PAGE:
My Faith

A question that comes to me is, what kind of faith is it that you have, or hope to have, in this work or elsewhere?
Is it a confidence in some positive outcome, eventually?
Is it “faithfulness”, or a willingness to act as your truest and deepest impulses lead you, even if you don’t have confidence in a positive outcome?
Or something entirely different?
(Comment from James, Posted 14 Apr 2007)

(Ah! James knows how to ask questions that get to the good stuff!)

I remember being surprised and impressed with myself some years ago when I was talking with a co-worker who was sharing about her sister’s recent stillbirth.
I said: “It has got to be OK.” I’m not sure the remark had any value to her, but it certainly helped me recognize one of the tenants of my thinking.
1. There’s the life of the individual, with a proper focus on staying alive, and giving birth, and being happy, and not getting too bent out of shape by pain and upcoming death.
2. There is the larger life, the life of the community, the life of Gaia.
We live in both. It is silly to think that somehow “me and my child” have existence or meaning apart from community, from Gaia.
Of course the loss of a child is horrible, for those involved, and I don’t mean to counsel against experiencing the pain. (Thinking here of Betsy’s comment, just after James’.)
I think the issues James raises have to do with the over-arching themes like “justice,” “love” and “grace.
But this answer has lost its way. Let me try again.

A question that comes to me is, what kind of faith is it that you have, or hope to have, in this work or elsewhere?

I have started a response to your questions twice before. Each beginning left me with a sense that my answer refers to context I had not provided, and that I needed to start with reference to a larger framework.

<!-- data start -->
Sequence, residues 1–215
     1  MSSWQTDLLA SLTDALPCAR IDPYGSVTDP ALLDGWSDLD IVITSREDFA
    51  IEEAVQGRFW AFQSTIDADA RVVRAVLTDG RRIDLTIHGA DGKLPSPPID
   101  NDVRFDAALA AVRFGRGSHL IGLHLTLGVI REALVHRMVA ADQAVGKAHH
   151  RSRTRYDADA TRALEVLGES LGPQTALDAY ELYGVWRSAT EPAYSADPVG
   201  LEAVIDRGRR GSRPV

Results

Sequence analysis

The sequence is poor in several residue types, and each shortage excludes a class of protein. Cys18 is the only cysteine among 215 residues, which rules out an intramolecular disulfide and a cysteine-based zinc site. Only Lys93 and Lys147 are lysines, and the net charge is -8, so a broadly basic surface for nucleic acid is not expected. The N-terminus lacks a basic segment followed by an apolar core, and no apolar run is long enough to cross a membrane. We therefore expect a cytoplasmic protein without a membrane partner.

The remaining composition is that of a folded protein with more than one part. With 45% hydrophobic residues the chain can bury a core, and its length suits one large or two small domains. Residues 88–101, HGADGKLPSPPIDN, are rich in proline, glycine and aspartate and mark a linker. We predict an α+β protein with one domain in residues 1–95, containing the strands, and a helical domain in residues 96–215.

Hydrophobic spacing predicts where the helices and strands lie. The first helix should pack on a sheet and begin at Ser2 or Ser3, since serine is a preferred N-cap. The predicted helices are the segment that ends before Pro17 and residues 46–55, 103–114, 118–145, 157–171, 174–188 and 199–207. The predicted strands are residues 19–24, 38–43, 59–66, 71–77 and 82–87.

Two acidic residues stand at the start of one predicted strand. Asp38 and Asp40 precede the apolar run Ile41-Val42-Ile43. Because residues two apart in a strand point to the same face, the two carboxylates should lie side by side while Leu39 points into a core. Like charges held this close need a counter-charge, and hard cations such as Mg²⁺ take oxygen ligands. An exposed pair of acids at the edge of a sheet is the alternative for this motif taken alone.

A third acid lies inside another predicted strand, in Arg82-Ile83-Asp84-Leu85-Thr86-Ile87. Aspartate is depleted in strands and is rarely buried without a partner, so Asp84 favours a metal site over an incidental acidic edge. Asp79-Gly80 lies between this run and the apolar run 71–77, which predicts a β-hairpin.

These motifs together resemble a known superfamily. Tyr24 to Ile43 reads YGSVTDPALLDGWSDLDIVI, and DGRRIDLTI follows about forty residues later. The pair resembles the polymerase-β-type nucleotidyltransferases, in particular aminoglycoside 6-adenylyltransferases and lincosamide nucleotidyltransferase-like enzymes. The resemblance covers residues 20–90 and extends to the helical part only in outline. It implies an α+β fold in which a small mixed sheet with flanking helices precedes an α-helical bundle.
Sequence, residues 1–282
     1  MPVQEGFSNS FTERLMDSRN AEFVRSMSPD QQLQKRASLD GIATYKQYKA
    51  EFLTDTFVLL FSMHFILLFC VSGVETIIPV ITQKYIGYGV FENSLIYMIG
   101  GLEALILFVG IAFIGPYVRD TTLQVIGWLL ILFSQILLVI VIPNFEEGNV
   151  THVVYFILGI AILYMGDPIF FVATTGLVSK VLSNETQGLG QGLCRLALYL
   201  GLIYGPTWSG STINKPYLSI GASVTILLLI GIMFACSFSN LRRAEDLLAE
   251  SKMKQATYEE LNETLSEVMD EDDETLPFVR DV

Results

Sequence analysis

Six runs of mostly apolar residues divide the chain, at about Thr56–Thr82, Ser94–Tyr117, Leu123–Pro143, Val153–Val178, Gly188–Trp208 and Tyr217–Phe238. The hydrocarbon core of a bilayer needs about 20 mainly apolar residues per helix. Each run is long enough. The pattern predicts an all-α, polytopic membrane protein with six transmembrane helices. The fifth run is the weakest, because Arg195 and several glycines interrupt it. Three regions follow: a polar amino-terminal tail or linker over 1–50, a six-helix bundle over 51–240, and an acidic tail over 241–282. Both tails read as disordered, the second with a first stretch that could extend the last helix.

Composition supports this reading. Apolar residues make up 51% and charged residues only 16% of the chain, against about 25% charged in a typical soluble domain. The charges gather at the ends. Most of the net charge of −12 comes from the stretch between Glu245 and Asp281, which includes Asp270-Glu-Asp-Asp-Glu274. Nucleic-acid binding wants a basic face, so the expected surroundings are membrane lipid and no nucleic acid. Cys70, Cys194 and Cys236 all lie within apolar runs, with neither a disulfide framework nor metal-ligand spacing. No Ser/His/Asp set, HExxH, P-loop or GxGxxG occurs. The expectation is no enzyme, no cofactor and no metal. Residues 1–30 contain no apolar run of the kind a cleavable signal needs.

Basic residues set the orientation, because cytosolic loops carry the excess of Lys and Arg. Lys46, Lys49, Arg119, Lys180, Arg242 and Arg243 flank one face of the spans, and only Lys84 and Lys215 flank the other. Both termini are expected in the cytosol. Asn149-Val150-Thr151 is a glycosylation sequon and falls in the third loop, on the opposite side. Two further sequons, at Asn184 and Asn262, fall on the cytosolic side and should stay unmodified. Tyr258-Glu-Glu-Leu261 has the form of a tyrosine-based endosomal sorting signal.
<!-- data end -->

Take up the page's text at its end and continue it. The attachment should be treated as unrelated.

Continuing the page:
I have said several places on this site that Gaia and the larger reality in which she rests are immense beyond human understanding. Now I am going to address that same truth from the approach of my personal experience. One of the metaphors that came to me in meditation this morning was of navigating on the smooth surface of a freshly-frozen pond. “Simple walking” can be full of surprises. And, once you have achieved a certain level of youthful skill, you can run and slide, and move rapidly, even though your legs are immobile. What a wonderful paradox for the young imagination! My experience of reality is like that. Sometimes I try to walk and get only surprises. Other times I seem to move effortlessly. I think my experience points to the nature of human reality: we are amphibious, operating in a world where gravity applies with every step and also in a world where we can have a natural buoyancy, and it’s easy to go “up,” harder to go “down.”

As I try to speak to you out of my experience, I must resort to paradox: On the one hand, I have faith that there is a larger, orienting, context to which I can pay attention, an unseen world.
I believe that, aware or not, I am guided constantly by that context, that field,
and that I can make better choices, for myself and for the planet, if I try to harmonize more closely with it.